I did it! Following the advice I received on this Forum last month, I descended two days ago on the unsuspecting population of Llanrwst and spoke Welsh, and I generally made myself perfectly understood! I list the following observations:
Llanrwst and its people are wonderful.
They love it when a non-Welsh person comes there to actually try and speak Welsh.
If you tell people what you’re here for in English they will listen.
If you say “Dw i’n trio siarad Cymraeg”, they will take you very seriously indeed.
The above, with S’mae, Bore da, os gwelwch yn dda, diolch, and similar, as appropriate, will open their hearts.
The world does not end when you make mistakes. Mistakes are regarded as integral parts of a learner’s speech, and are passed over without comment.
However, asking for help and to be corrected gives the impression that you’re serious about it, and gains another dimension of respect.
Welsh people are humans and not quaint tourist objects. As anywhere, respect breeds respect.
Soft, nasal and aspirate mutations really do start to come naturally. I would not have believed it when I first heard it on SSiW.
The difference between the southern and northern dialects is not at all strict.
“Yn arafach” is the greatest lifeboat in Wales.
“Diolch” is the most important word.
Nobody cares if beginners confuse “ti” and “chi”.
Hard work pays off!
Having said this, it was clear that my listening skills are poorly developed. I found it very, very hard to understand, even with generous doses of note 11 above. But everyone told me how well I spoke Welsh.
It was a tremendous confidence-booster. I admit to having been really nervous when I got off the bus. That soon vanished.
But advice on how to improve my comprehension skills will be welcomed.
Really great to read how well you did @Baruch. It is an amazing moment when you realise you are actually understood!
With regard to comprehension skills I would recommend:
Try to find a local learners group, there is a list on the weekly e-mail.
Listen to Radio Cymru as often as possible.
If money is not an issue you could join the SSIW Growth Club, there is a long thread on it somewhere; for ten pounds a month you there is a weekly discussion between Aran and Catrin about something topical and the last ten or so are archived so you can retrieve them.
Some people have a Skype / FaceTime partner but I found using Skype a big distracting as my internet connection kept freezing out.
Most important advice with any listening is not to try and understand everything. It is best just to let the words wash over you, notice familiar patterns and words etc. Ocassionally look up the odd word you keep hearing and try and remember it. Eventually whole sentences begin to emerge from the ‘mist’. It is not a quick process but well worth the effort.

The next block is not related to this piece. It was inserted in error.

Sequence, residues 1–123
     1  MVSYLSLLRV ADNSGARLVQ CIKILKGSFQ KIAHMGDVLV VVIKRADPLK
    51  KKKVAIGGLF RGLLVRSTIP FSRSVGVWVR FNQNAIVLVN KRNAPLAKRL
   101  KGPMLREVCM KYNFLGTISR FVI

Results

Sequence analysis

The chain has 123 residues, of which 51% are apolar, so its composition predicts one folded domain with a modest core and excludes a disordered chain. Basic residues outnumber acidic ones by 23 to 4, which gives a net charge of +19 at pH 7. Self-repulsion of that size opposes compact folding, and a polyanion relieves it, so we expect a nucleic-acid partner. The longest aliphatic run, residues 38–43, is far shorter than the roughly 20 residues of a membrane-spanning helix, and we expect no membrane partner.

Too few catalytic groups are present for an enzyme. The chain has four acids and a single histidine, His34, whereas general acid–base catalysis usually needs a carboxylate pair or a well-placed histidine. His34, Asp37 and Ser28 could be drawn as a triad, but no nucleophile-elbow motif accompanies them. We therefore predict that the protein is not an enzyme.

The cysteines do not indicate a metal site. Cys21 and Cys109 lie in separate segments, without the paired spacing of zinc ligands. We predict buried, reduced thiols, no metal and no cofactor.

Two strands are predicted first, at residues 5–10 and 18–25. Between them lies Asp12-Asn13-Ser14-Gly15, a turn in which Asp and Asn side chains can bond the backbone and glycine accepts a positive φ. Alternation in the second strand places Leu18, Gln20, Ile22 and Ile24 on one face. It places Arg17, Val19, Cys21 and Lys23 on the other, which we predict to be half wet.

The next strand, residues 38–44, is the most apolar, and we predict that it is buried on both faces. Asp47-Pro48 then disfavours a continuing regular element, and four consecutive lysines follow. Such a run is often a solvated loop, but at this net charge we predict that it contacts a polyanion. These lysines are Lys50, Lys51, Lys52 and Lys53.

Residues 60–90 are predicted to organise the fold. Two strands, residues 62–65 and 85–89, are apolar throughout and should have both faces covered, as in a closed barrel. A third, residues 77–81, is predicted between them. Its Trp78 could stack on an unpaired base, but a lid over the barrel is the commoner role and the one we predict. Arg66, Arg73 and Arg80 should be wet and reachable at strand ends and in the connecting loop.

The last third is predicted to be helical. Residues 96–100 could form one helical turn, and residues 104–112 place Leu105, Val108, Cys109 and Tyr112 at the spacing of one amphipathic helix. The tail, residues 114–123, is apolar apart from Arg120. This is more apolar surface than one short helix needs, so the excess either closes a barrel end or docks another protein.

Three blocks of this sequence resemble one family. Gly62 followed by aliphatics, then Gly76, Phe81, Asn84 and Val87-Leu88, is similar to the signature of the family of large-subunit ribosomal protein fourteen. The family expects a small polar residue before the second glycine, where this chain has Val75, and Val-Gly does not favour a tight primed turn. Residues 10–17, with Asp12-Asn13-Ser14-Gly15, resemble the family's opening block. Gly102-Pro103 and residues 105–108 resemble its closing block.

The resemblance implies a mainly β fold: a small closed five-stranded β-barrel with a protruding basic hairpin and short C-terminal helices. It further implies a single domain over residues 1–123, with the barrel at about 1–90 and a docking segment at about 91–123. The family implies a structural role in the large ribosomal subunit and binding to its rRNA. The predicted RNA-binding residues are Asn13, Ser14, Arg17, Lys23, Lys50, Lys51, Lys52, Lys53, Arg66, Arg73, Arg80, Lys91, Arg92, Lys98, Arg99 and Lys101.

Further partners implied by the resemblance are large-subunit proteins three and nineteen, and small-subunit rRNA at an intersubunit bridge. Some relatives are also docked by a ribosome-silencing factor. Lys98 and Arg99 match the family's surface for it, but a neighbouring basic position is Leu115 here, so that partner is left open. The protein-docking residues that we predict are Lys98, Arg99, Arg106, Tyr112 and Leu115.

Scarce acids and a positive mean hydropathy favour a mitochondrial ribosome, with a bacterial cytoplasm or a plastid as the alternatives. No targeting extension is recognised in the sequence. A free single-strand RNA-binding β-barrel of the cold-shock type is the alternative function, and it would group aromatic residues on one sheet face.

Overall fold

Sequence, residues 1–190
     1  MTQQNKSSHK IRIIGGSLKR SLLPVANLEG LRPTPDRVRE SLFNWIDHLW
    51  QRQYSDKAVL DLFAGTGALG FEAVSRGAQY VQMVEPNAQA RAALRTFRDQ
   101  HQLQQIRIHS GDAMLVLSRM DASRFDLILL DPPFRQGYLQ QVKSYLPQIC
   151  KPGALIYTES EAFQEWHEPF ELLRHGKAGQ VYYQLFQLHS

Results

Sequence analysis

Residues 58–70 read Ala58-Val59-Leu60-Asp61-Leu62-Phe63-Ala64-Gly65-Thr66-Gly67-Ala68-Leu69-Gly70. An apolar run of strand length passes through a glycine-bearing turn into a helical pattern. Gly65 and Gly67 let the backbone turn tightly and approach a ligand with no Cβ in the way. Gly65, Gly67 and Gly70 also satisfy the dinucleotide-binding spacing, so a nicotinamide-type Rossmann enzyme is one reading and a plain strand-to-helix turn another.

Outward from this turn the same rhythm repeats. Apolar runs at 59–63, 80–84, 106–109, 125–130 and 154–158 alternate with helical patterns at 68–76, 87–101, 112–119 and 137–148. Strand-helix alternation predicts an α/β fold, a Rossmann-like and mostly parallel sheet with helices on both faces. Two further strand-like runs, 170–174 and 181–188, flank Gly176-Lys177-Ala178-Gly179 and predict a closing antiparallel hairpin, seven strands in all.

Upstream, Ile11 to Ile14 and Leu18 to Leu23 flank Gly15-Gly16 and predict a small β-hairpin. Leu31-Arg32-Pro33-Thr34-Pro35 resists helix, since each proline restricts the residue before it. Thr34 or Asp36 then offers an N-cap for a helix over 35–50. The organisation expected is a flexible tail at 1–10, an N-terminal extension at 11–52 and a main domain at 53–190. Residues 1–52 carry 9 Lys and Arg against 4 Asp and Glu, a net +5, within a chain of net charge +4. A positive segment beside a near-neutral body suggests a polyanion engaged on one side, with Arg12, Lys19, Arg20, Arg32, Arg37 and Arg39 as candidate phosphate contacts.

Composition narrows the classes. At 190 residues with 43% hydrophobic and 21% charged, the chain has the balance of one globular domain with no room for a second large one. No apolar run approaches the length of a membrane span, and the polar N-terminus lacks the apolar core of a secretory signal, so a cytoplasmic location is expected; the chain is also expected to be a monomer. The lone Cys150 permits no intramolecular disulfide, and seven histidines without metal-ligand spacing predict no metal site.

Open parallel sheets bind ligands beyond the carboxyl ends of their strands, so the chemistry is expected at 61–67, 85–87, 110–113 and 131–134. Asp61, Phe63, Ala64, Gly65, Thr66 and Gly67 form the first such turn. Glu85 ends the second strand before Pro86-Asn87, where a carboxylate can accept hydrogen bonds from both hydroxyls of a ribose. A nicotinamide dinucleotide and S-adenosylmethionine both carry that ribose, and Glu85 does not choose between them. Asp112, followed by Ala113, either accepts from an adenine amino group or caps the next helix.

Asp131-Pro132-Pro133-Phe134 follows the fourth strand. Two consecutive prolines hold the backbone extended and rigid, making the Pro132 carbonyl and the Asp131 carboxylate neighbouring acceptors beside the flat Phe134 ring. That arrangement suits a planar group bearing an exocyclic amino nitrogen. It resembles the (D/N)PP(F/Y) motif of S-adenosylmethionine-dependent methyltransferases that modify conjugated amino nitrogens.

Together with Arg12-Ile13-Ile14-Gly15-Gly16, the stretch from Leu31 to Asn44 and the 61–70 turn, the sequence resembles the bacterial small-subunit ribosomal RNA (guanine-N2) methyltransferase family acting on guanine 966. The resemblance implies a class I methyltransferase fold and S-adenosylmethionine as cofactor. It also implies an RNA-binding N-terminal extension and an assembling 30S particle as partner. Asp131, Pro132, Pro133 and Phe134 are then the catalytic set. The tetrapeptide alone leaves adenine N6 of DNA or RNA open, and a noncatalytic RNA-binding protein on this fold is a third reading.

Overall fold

Margaret, thanks for this comment. I had realised this from the start, but you have put it into the words that I’ve been seeking for the last two years: “There really is another world in Wales of Welsh speakers if only we dare to open our mouths.”
Yn dda iawn, @Baruch! You have made me realise that I need to spend more time on listening practices!! In fact, since I am actually needing to listen more than speak, I should really be doing a course called “Hear Something in Welsh”!!! @aran??? - for sad exiles wanting to watch S4C with no subtitles!!!
Agree totally with all of the above. I like playing word games - sad I know- I take the words in each challenge and see how many different ways I can use them. Extra points for adding a few words before Iestyn/ Cat as well- yes seriously sad. I find it helps as it mixes things up which is reality and where I used to do the rabbit in headlights if anyone replied to me.
Other tip is to find a 5 year old and practice- works great as they are happy to chat at my level.
Thanks to all for the listening advice above. Yes, I should start taking advantage of the Internet, in particular (but not only) YouTube, for the large amount of Welsh out there, and start listening. I appreciate that it will take time - that’s called learning the language. SSiW is fantastic for the “SS” bit: it’s time to expand and start the Listen component.
I do listen to the Level 1 listening exercises, but not daily, not enough. I will soon finish Level 1, and then contribute to this wonderful venture to enable me to continue to Level or Course 2 (probably both).
I think the trick here is to make that 5 minutes part of your daily routine - so you listen to them while you do something else, so that it becomes automatic - and then you’ll definitely be ready for the even faster ones that will be ready for Level 2 before too much longer…
Great post and well done indeed, Baruch. I should print your tips out and stick them on my dashboard for upcoming holiday. Have managed to get a few days B&B-hopping in Wales, and guess where Mrs AG pointed to on the map this morning as a suitable stopover for our last day before heading home!
The local people told us that it’s best to stay out of Betws-y-coed in tourist season as it gets too busy and that Llanrwst is just as nice so that is where they choose to go. You seem to be heading in the same direction.